Wanting to accurately know the future is of course a venerable tradition. But as a recent post on Medium written by an epidemiologist noted: “Here is a simple fact: every prediction you’ve read on the numbers of COVID-19 cases or deaths is almost certainly wrong. All models are wrong. Some models are useful. It is very easy to draw a graph using an exponential curve and tell everyone that there will be 10 million cases by next Friday. It is far harder to model infectious disease epidemics with any accuracy. Stop making graphs and putting them online. Stop reading the articles by well-meaning people who have no idea what they are doing. The real experts aren’t posting random Excel graphs on twitter, because they are working flat-out to try and get a handle on the epidemic.” 

4) Information that’s true but not helpful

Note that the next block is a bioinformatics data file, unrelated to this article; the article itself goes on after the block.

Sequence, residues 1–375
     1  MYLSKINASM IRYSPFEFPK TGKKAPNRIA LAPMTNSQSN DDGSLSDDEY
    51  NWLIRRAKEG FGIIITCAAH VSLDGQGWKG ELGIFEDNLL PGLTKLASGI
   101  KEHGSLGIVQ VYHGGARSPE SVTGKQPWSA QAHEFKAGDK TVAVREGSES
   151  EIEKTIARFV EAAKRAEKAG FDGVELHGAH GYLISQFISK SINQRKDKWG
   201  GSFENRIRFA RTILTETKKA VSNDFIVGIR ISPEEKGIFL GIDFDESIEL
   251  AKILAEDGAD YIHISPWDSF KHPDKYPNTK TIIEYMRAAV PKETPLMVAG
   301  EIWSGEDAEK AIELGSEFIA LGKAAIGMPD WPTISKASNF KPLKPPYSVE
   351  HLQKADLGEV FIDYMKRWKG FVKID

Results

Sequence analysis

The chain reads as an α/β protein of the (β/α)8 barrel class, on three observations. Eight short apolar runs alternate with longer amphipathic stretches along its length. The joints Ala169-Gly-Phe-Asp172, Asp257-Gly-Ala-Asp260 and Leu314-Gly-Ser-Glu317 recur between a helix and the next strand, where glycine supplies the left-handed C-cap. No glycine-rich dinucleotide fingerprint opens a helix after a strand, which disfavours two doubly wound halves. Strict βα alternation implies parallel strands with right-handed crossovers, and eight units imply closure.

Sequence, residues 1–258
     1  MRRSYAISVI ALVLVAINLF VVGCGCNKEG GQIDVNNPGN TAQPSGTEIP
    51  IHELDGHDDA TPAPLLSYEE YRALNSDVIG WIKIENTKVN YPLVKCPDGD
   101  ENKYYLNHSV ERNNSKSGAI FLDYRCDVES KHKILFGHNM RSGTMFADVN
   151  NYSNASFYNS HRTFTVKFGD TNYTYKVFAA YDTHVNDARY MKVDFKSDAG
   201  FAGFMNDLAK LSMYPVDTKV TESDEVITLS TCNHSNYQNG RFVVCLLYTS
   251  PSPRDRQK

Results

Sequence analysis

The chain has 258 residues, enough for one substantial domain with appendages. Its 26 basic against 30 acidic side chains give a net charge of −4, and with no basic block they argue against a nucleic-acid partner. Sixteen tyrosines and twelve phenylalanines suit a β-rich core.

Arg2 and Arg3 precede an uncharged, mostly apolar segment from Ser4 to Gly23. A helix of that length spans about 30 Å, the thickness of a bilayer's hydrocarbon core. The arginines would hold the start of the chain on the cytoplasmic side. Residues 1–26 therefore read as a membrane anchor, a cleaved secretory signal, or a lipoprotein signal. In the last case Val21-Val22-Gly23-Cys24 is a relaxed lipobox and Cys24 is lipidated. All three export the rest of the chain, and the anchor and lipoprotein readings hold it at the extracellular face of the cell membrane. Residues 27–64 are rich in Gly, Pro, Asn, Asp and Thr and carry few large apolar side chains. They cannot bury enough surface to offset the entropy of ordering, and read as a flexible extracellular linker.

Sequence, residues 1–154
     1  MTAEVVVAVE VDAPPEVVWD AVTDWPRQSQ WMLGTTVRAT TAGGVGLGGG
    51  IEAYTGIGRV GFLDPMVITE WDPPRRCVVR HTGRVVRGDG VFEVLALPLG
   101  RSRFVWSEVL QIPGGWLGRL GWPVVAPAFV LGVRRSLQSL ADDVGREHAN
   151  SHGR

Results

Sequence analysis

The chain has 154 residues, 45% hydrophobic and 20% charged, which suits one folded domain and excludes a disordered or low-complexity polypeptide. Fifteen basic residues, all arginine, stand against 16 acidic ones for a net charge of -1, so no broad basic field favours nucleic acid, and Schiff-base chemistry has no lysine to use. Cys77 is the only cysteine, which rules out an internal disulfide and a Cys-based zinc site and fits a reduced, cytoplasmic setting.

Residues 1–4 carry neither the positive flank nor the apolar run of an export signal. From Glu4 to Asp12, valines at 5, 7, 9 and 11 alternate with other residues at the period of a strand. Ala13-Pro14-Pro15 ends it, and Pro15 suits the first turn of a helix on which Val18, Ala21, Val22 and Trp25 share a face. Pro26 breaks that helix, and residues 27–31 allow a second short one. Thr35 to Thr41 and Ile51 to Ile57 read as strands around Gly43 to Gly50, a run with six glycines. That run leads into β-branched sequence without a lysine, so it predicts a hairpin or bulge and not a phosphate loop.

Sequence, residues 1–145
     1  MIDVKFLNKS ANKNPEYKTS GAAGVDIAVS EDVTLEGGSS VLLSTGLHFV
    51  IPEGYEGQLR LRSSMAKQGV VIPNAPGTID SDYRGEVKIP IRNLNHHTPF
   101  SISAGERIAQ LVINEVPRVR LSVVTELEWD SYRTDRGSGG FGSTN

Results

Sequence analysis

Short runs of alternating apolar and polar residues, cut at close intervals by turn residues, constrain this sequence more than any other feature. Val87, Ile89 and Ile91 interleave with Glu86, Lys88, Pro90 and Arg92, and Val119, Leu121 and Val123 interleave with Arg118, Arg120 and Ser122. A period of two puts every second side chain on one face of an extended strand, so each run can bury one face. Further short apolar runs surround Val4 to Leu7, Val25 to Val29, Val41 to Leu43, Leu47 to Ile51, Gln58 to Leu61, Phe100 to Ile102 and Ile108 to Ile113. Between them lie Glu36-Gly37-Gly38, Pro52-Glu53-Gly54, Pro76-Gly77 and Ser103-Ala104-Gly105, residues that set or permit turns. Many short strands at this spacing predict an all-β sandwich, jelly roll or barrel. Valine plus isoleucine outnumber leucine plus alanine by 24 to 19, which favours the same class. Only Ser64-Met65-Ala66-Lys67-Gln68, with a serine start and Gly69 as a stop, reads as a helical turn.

Finally, there’s another, less-recognized category: information that is true but not helpful on an individual level, or what might be called “trivially true.” We usually think of false information being shared as harmful—and it certainly is—but trivially true information can also be harmful to public health. Even when it’s not directly harmful, it adds to the background of noise.

News media and social media are flooded with information and speculation that—even if accurate—is of little practical use to the average person. Much of the information is not helpful, useful, actionable, or applicable to daily life. It’s like in medicine and psychology what’s called “clinical significance”: the practical importance of a treatment effect—whether it has a real, genuine, palpable, and noticeable effect on daily life. A finding may be true, may be statistically significant, but be insignificant in the real world. A new medicine may reduce pain by 5 percent but nobody would create or market it because it’s not clinically significant; a 5 percent reduction in pain isn’t useful compared to other pain relievers with better efficacy.